|Coordinatore||DUBLIN INSTITUTE FOR ADVANCED STUDIES
address: Burlington Road 10
|Nazionalità Coordinatore||Ireland [IE]|
|Totale costo||30˙000 €|
|EC contributo||30˙000 €|
Specific programme "People" implementing the Seventh Framework Programme of the European Community for research, technological development and demonstration activities (2007 to 2013)
|Anno di inizio||2009|
|Periodo (anno-mese-giorno)||2009-07-01 - 2011-06-30|
DUBLIN INSTITUTE FOR ADVANCED STUDIES
address: Burlington Road 10
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'This research project proposes to obtain the first unbiased survey on a large flux-limited sample of young stellar objects (YSOs) in 6 different molecular clouds. This study makes use of a huge dataset, namely various photometric maps from 0.6 μm up to 850 μm (including data from the Spitzer and the Herschel Space Telescope), and spectra (between 0.6 and 2.4 μm) of several YSOs in these clouds. The immediate aim of this proposal is to catalogue all the YSOs in the selected star forming regions, getting quantitative information on their accretion and ejection activity. In particular, line luminosities and ratios will be obtained from spectra to measure the fraction of source luminosity due to accretion, and the mass accretion and ejection rates in the late YSOs (Class I, II and III). Spectral energy distributions (SEDs) will be constructed from the photometric data to classify the objects, and to estimate the accretion luminosity and the mass accretion rate for early YSOs (Class 0). Mass ejection rates will be inferred from the YSO outflows. The final goal is then to redefine the YSO evolutionary classification, traditionally based on the SED alone, by means of diagnostic emission lines and the mass accretion rates. This will also allow us to derive the YSO lifetime in the various stages. Additionally, the proposed survey will provide the largest available catalogue of SEDs and spectra from YSOs, which will be fundamental for the selection of promising targets to be observed by highly oversubscribed instrumentation, such as the forthcoming James Webb Space Telescope.'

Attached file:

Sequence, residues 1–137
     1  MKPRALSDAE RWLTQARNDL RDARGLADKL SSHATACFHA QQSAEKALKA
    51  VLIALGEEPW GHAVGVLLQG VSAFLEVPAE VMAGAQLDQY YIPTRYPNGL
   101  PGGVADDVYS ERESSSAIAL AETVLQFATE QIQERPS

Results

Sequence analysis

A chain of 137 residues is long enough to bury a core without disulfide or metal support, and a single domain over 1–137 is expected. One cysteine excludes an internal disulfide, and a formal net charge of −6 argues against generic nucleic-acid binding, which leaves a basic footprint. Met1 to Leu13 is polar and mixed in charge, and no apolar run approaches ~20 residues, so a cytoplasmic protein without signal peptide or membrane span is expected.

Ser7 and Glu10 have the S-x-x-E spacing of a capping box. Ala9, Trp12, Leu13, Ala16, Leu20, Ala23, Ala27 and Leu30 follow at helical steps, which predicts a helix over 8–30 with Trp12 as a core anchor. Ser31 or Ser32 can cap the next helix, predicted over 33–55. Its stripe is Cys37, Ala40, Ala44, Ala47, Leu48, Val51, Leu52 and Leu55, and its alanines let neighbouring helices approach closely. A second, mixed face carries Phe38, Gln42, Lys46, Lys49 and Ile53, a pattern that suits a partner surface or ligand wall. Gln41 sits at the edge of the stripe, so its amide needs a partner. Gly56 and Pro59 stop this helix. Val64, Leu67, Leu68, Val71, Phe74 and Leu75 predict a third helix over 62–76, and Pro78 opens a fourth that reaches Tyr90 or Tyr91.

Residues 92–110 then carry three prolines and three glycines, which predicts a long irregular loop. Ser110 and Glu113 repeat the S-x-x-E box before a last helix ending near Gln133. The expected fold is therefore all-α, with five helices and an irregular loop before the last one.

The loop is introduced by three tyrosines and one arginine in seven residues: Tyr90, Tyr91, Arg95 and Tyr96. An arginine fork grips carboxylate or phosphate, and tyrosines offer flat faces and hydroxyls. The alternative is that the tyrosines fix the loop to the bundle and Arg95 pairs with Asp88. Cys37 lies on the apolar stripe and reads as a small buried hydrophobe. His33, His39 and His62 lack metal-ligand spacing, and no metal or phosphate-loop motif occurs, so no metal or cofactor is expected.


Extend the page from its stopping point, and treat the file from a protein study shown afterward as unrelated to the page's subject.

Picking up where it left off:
Scientists rely on spectral data to characterise a number of properties of astrophysical objects including their elemental compositions, densities and motion. EU-funded researchers composed and analysed a comprehensive data set of spectral characteristics of young forming stars highlighting the best parameters to accurately classify evolutionary stages.
Spectral energy distributions (SEDs) describing the energy objects that radiate over the entire electromagnetic spectrum have conventionally been the main way of classifying the age and evolutionary phase of young stellar objects (YSOs).
YSOs attain most of their mass when an isolated rotating dense core collapses and forms an accreting protostellar core and disc that accumulates surrounding interstellar gas and dust via large gravitational forces.
Recent theoretical studies suggest that SED information alone is not sufficient to accurately determine whether YSOs are early (Class 0) or late (Classes I, II and III) phase. Rather, a combination of SED and near-infrared (NIR) spectroscopy that enables characterisation of the accreting protostar are required.
Given the lack of a comprehensive examination of both SED and NIR data from YSOs, European researchers initiated the Protostars project to create the first unbiased survey of a huge data set of selected Class I and Class II YSOs from six star-forming regions.
Scientists combined spectrographic data from the New Technology Telescope of the European Southern Observatory (ESO) and the Spitzer Space Telescope (SST) enabling construction of the YSOs SEDs and inference of main stellar parameters including accretion and ejection rates, spectral types and luminosities.
Results demonstrated that YSO emission lines indicative of accretion or outflow were better indicators of age than SEDs and provide the basis for selection of future observational targets.
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